Northern Wei (386–534 AD)

The Ballad of Mulan

The oldest known version of Mulan’s story, which inspired countless retellings for centuries to come.

Tang Dynasty (618–907 AD)

The Legend of Mulan During the Tang Dynasty

As the status of women began to rise during the Tang Dynasty, an influx of female protagonists appeared in literature. Mulan was one of the heroines emphasized during this time.

Song of Mulan by Wei Yuanfu (c. 750 AD)

As one of the first retellings of Mulan’s story, the Song introduces some key elements which became intrinsic to the legend’s development.

Mulan Temple by Du Mu (c. 830 AD)

A short but vivid poem that describes Mulan’s inner struggle. Will she be true to her inner feminine nature or lose herself and become a hardened warrior?

Yuan Dynasty (1271–1368 AD)

A Memorial to the Filial General (1332 AD)

A memorial to Mulan, which was discovered next to the remains of a temple on Mulan Mountain, claims to tell Mulan’s true story.

Ming Dynasty (1368–1644 AD)

The Legend of Mulan During the Ming Dynasty

As the Ming Dynasty witnessed a decline in intellectualism and a rise in entertainment, Mulan’s story ceased being a tale of virtue and, instead, focused on humor.

Mulan Joins the Army by Xu Wei (c. 1580 AD)

This famous play is often credited with bringing the legend of Mulan into the public spotlight.

Women Generals by Zhu Guozhen (c. 1625 AD)

While addressing the topic of female soldiers, an early historian reconstructed what he believed to be Mulan’s true story.

Qing Dynasty (1644–1912)

The Legend of Mulan During the Qing Dynasty

During a time when the Chinese endured significant oppression, the legend of Mulan experienced a surge in popularity, as the people longed for such a hero.

Romance of Sui and Tang by Chu Renhuo (1695)

This famous historical fiction novel contains a subplot in which Mulan makes an unlikely friend when she is captured by a benevolent princess.

Biography of Extraordinary Mulan (c. 1800)

This novel tells the story of how Mulan's grandfather passed down the wisdom Mulan needed to become skilled in martial arts.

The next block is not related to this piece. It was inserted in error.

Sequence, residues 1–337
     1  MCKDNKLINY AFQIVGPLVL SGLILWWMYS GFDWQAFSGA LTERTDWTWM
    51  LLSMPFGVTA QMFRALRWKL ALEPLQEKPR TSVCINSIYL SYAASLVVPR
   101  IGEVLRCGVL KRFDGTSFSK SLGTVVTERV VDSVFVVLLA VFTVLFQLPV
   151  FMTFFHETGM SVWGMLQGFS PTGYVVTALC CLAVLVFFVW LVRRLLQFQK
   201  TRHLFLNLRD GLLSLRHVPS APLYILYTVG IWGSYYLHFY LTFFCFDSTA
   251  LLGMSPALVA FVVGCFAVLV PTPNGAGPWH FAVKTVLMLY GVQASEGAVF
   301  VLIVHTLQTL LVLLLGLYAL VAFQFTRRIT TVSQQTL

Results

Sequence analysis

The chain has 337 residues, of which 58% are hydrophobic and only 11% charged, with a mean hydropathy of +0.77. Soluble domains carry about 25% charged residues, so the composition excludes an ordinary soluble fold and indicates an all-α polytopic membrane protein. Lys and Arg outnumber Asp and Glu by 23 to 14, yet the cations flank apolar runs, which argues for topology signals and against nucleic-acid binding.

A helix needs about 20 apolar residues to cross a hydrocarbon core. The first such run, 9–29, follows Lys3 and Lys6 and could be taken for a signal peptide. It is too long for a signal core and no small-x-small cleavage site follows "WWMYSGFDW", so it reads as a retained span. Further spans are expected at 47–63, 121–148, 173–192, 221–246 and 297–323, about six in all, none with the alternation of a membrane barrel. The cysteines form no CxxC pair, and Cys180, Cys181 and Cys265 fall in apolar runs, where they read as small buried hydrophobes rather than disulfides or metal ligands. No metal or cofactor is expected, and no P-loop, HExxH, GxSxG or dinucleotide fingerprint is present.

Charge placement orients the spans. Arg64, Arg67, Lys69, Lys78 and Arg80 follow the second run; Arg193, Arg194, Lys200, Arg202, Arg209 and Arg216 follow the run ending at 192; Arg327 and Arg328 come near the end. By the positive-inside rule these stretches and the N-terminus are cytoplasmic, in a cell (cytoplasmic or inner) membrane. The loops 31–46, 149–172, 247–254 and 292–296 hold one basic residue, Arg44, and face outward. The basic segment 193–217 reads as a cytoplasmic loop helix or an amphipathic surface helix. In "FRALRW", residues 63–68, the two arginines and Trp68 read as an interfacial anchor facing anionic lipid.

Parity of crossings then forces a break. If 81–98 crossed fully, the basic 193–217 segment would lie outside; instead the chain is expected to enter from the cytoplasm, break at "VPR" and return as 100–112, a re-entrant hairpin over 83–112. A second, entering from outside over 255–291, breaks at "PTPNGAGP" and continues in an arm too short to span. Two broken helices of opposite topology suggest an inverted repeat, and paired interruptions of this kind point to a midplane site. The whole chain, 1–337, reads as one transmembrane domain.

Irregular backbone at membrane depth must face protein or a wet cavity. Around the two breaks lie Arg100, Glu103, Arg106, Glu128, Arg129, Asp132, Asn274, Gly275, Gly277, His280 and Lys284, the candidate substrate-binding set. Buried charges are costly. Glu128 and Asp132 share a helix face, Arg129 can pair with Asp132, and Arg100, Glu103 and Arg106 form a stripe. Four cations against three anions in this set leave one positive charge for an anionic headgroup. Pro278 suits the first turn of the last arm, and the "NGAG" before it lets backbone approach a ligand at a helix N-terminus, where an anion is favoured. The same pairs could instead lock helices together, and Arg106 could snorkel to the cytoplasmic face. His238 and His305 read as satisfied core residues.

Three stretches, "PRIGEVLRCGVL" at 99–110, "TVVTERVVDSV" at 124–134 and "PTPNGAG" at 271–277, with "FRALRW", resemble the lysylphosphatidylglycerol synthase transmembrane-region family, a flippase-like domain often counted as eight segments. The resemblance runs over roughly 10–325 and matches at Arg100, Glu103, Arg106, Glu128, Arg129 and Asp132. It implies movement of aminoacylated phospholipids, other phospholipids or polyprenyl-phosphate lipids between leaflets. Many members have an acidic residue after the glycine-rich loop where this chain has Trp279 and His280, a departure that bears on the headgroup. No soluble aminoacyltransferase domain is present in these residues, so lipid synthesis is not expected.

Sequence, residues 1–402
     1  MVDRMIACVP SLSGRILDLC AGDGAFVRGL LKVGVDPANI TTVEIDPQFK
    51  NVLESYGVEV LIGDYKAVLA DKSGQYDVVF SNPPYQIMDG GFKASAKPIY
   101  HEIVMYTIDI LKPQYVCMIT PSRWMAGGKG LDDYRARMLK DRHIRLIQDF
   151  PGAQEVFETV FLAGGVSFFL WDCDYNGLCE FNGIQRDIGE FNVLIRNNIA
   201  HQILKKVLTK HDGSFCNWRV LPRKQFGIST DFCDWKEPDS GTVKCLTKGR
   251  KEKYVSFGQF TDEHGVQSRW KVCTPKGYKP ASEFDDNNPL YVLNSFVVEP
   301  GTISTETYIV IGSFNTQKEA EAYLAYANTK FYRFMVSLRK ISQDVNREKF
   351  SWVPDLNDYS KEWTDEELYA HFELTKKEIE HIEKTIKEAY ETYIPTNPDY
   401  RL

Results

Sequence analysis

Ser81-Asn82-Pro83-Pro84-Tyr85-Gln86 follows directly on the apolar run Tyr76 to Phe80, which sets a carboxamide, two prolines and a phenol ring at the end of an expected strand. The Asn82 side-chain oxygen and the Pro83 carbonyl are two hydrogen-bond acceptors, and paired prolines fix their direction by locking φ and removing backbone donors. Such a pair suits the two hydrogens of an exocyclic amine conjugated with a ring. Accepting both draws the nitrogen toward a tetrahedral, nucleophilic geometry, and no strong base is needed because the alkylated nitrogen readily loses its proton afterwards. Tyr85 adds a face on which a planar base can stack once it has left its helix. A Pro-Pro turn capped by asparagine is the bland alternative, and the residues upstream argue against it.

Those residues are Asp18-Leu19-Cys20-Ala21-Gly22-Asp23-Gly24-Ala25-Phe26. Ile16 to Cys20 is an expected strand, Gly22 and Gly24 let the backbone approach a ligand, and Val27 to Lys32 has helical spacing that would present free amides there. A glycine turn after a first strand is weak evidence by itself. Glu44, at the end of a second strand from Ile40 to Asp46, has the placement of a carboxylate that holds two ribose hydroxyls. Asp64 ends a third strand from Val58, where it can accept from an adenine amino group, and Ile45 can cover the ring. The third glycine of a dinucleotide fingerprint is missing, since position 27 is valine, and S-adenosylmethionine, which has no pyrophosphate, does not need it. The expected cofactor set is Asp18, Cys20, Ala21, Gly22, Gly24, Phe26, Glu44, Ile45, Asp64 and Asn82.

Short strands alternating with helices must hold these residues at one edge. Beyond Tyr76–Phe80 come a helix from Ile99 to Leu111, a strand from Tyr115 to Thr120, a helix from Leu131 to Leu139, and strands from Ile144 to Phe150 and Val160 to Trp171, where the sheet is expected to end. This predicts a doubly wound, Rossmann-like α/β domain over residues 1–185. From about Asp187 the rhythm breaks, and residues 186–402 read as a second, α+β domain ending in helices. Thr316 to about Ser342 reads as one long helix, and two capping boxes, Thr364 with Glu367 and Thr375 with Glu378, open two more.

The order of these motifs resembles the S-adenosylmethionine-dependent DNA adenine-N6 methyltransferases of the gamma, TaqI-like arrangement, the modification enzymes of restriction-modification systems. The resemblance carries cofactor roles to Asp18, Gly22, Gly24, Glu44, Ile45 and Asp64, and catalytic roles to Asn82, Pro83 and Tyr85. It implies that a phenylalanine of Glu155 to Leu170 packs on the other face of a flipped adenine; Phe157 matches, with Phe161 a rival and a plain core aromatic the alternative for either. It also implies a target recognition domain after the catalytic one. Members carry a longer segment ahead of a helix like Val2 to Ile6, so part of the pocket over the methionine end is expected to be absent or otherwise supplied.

Fierce and Filial by Zhang Shaoxian (1850)

This novel, which unites many of the previous renditions of Mulan’s story into a single volume, emphasizes that Mulan’s brilliance and courage stemmed from her virtue.

Mulan Joins the Army (1903)

When Mulan’s cousin, Mushu, refuses to take his adopted father’s place in battle, Mulan joins the army in Mushu’s stead to fight against the Xiongnu.

Post-Imperial China (1912–Present)

The Legend of Mulan During Post-Imperial China

After the fall of Imperial China, and especially after Mulan’s story traveled to the West, the legend underwent significant alterations as numerous causes from various cultures all began to herald Mulan as their guiding hero.

Mulan Joins the Army (1939)

In addition to being the first retelling to introduce romance into Mulan’s story, this classic film helped make the story more relatable.

Lady General Hua Mu-Lan (1964)

This retelling of Mulan’s story focuses on unity. By themselves, Mulan, Ping, and Li Guang each make small contributions. Together, they achieve something great.

The Woman Warrior by Maxine Hong Kingston (1976)

This novel included the first rendition of Mulan’s story that achieved widespread attention in the English-speaking world.

Disney’s Mulan (1998)

This film is primarily responsible for making the story of Mulan reach legendary status in the West.

Mulan: Rise of a Warrior (2009)

After Disney’s Mulan began receiving significant attention, the Chinese people desired to see this legend retold from a modern Chinese perspective.

Disney’s live-action Mulan (2020)

This film, which is yet to be released, will be an American adaptation of Mulan’s story that draws much inspiration from previous Chinese retellings of the legend.